one. As far as The Independent is
concerned, it has a great deal higher
opinion of a populist or democrat who
gees to the polls, votes the republican
ticket and gives active support to the
trusts and extortionate tariffs, than of
the one who stays at home and does
not vote because some one does not
contribute money enough to hire a
carriage to haul him to the polls. That
sort of a creature is ten times more
despicable than the mullet head.
This time a full-blooded Hawaiian
has been elected as delegate to con
gress from those islands. He is known
as "Prince Cupid" and is a republi
can. It is probable that he knows
about as much concerning the differ
ence between a republican and a demo
crat as does the crown prince of Da
boma. Leprosy seems to be getting a strong
foot .old in many places on this conti
nent. Centers of leprosy have been
located in a dozen or more places.
Among them is a Scotch-Irish one in
Nova Scotia and New Brunswick, a
Chinese and Japanese center in Brit
ish Columbia and the Fraser river
country, and an Icelandic and Nor
wegian one about Winipeg. Cases al
so exist in Louisiana. Its growth has
been so rapid within the last few years
that it is attracting the attention of
medical men everywhere. During the
last year a Chinaman who had a pro
nounced case of leprosy and diagnosed
to be such by several eminent physi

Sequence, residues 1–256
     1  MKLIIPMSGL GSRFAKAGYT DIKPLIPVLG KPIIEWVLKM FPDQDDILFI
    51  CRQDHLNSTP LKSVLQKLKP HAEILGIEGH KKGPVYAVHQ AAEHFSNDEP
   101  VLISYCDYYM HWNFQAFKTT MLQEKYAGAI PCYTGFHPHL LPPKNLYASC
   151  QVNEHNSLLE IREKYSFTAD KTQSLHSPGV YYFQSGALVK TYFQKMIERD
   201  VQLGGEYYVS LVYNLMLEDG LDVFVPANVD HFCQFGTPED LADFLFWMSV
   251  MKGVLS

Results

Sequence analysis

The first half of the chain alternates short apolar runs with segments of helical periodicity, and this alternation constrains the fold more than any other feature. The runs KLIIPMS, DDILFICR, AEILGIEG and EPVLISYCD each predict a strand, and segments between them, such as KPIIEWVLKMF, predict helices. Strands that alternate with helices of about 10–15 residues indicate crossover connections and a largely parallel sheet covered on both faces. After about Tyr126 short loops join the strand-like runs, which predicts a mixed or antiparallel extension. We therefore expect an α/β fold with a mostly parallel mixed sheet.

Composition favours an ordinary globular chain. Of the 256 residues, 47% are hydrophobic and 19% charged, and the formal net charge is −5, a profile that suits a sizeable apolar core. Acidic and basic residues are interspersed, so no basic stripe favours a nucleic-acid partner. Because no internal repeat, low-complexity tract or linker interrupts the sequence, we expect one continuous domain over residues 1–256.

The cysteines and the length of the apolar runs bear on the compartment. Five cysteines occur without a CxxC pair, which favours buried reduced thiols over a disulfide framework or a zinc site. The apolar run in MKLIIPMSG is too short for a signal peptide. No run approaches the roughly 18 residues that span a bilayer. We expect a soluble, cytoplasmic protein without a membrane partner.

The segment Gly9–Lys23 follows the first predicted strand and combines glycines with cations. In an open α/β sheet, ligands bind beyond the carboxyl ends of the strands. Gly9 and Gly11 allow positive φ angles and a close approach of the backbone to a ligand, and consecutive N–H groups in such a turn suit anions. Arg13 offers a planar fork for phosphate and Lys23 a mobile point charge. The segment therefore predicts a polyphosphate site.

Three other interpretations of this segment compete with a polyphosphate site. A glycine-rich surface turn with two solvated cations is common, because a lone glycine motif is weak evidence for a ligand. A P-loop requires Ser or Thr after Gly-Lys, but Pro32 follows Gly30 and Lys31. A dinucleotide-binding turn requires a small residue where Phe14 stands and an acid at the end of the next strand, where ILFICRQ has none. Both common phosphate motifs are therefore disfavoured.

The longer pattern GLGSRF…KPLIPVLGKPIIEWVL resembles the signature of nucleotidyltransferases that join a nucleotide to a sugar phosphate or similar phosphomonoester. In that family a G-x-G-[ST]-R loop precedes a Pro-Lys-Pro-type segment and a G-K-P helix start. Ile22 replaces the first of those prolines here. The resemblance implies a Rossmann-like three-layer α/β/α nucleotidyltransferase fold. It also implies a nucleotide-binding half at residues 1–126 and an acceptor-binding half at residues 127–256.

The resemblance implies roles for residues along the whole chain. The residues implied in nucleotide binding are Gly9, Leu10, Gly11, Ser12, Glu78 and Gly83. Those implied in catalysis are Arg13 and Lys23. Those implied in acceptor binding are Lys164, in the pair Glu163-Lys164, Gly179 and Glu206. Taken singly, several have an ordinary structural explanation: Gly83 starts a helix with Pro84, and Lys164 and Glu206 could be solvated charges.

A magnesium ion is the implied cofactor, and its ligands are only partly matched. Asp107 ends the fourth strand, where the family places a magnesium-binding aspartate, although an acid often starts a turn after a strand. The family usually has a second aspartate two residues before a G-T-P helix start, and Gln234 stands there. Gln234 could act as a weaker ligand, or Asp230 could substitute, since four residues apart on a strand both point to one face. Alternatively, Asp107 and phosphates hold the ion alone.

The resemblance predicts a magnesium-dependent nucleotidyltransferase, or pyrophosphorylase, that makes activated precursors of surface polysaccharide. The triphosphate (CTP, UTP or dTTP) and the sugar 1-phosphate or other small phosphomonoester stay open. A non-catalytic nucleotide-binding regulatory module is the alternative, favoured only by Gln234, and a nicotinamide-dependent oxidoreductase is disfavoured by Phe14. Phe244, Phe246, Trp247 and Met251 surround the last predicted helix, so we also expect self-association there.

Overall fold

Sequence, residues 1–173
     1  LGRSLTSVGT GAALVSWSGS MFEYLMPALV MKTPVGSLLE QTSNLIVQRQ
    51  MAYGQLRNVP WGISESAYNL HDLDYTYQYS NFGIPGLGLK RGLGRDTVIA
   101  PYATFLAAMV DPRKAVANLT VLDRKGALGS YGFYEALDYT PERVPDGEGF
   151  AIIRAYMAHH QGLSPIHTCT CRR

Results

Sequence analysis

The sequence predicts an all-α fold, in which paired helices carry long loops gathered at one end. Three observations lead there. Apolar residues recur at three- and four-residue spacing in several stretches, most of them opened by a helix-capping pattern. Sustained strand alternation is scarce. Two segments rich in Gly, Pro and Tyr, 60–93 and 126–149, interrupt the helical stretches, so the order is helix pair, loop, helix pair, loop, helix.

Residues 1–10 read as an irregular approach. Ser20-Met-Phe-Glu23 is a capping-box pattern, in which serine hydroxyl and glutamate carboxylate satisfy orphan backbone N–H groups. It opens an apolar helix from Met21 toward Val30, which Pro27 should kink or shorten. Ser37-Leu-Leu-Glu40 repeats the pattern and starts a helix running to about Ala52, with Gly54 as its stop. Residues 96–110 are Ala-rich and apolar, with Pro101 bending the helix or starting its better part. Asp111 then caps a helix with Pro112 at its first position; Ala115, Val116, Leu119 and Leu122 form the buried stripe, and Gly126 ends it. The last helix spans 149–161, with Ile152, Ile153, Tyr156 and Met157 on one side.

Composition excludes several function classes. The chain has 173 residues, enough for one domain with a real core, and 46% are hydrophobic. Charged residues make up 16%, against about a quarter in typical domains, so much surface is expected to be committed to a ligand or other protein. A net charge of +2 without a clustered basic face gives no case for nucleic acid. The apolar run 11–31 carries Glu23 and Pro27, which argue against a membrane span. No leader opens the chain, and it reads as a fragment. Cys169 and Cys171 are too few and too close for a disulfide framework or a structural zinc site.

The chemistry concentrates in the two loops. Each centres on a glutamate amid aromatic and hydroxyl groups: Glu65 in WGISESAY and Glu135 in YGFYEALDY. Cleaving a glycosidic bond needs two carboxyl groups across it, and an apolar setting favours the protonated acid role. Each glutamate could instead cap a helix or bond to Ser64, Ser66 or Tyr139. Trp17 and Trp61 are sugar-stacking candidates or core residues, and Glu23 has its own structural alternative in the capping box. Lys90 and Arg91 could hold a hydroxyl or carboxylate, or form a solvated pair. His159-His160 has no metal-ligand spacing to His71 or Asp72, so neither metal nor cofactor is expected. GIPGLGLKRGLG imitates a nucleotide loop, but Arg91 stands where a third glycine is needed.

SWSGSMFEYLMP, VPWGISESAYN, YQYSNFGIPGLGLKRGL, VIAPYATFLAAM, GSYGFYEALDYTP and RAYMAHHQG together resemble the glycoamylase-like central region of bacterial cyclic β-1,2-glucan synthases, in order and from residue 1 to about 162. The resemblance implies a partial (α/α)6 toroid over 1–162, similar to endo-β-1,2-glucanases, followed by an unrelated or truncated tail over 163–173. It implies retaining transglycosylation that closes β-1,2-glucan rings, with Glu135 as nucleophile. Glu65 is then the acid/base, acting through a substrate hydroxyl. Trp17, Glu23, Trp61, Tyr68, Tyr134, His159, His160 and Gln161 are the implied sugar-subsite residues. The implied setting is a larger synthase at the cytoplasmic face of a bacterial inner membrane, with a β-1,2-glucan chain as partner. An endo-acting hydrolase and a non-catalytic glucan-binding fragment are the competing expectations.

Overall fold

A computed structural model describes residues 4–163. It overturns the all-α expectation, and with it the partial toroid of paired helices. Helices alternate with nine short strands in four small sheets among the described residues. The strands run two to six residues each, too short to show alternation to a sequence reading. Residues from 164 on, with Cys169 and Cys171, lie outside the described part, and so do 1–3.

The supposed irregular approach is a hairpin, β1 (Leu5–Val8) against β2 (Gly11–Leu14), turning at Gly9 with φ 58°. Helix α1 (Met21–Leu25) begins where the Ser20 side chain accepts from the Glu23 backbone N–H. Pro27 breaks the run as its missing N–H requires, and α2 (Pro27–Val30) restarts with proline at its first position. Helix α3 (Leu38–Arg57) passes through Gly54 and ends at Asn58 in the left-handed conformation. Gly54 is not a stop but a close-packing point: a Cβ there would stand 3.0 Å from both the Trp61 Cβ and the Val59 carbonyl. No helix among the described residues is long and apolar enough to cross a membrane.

cians, was treated at a hospital in St.
Louis by a new system and after a few
months was discharged as cured,
showing no signs of the disease what
ever. This was so stated in all the
newspapers and if true, it is undoubt
edly the first case of leprosy that was
ever cured. Modern improvements in
transportation of freight and human
beings and "expansion" threaten us
with all the most terrible epidemic
diseases of the Orient. That there
nave been several genuine cases of the
bubonic plague In San Francisco is no
longer denied. These Asiatic colonies
of ours may yet make us ray a more
terrible price for them than ever yet
entered into the craniums of the imperialists.
It continues to be persistently de
clared that there are inexhaustible
hard coal beds in Arkansas. They
say that it is genuine anthracite and
burns without smoke, although a little
softer than the Pennsylvania kind.
If it is true, why in the name of com
mon sense do they not send some of it
up this way. But the fact is that the
great dailies are such persistent and
outrageous liars that no one will be
lieve the story until they begin to see
a few train loads of that Arkansas
hard coal rolling along the rails over
these plains.
Recently forty-nine cases of "Win
chester rifles and carbines and 150 oth
ers not boxed were found in an old
building in New York. An inquiry re
sulted in discovering that they be
longed to the government and had
been placed there for the purpose of
arming the police in the draft riots
forty years ago and forgotten. That
is the story that the New York dail
ies tell, but they lie so no one out here
knows whether it is true or not
At the beginning of the investiga
tion by the arbitration commission,
John Mitchell found himself faced by
the greatest array of lawyers that ever
assembled in a case in the state of
Pennsylvania. There were 24 of them,
and they began their badgering at the
very outset. Lawyers skilled in con
cocting questions, to- which if an an
swer of either yes or no is given, the
witness can be accused of falsifying
were they to bring all their skill to
bear upon the miner. And these law
yers do this for money. The profes
sion of the law has degenerated more
than any other except it may be the
clergy. They will do anything for